Are you prepared for an emergency?

The recent events in Japan have made us all stop and think about what we would do in case of an earthquake or major emergency. Are you prepared for such an emergency? What about your office? Your staff?

My husband was living in Kobe during the Great Hanshin Earthquake in 1995 when approximately 6,434 people lost their lives. His neighbours across the street all perished during the quake when their house collapsed. My husband was one of the lucky ones. He managed to get out of his building alive, but could not live there for the next 3 months, as it was not safe. His only option was to live at his office. And even that wasn’t very easy. There was no water for one month.

When such an emergency happens, we all need to put ourselves in survival mode. Being prepared for an emergency can make a difference.

What has your organization done to equip staff with the knowledge and skills necessary to respond to a disaster in a coordinated, safe and orderly manner? Most government emergency programs recommend that every home and office have enough food, water and essential supplies to last 72 hours.

At McNak, we have emergency supplies with first aid, food, water, flashlights, batteries etc.  We put together this kit a few years ago, and we make it a habit to ensure supplies are adequate.  We thought that we should be prepared because our staff could be stuck at work for a few days if nearby bridges and roads are destroyed.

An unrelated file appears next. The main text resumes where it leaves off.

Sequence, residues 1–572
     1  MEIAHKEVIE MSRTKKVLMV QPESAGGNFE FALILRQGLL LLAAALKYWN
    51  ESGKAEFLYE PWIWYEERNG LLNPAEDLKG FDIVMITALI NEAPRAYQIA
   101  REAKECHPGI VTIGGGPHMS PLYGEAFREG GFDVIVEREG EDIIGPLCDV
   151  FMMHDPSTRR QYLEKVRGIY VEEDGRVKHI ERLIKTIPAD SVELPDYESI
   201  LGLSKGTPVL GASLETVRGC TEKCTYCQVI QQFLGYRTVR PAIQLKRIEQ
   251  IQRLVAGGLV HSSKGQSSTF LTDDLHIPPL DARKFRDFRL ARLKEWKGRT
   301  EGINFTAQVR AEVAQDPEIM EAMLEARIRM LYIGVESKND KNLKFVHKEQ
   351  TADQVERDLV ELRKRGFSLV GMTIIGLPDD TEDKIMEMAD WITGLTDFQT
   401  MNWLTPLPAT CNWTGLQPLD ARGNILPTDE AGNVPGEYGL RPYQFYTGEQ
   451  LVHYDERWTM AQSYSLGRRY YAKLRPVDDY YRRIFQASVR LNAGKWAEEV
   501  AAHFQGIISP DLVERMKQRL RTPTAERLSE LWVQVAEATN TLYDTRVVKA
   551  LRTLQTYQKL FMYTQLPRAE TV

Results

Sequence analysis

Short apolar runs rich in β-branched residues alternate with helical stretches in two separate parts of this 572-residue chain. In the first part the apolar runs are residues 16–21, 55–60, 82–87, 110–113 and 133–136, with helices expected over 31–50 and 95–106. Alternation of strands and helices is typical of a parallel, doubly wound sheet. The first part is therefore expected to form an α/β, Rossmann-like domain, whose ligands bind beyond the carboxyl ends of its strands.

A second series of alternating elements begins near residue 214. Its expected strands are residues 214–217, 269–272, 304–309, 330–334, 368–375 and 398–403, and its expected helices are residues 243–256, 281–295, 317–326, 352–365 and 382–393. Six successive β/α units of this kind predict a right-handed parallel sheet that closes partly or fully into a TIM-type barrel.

As individuals, it would be smart to keep a backpack with additional supplies such as comfortable shoes, water, food, first aid kit and cash.

Preparing kits is one thing, but having an emergency evacuation drill with your staff is another. It would be a good idea to have drills with your staff every 6 months or so, and include emergency preparedness information in your onboarding process.

This horrific disaster in Japan has made us all pause, and think about what we would do. Being prepared is our first step. Time for us all to take that step.

 

photo credit: Suzie T

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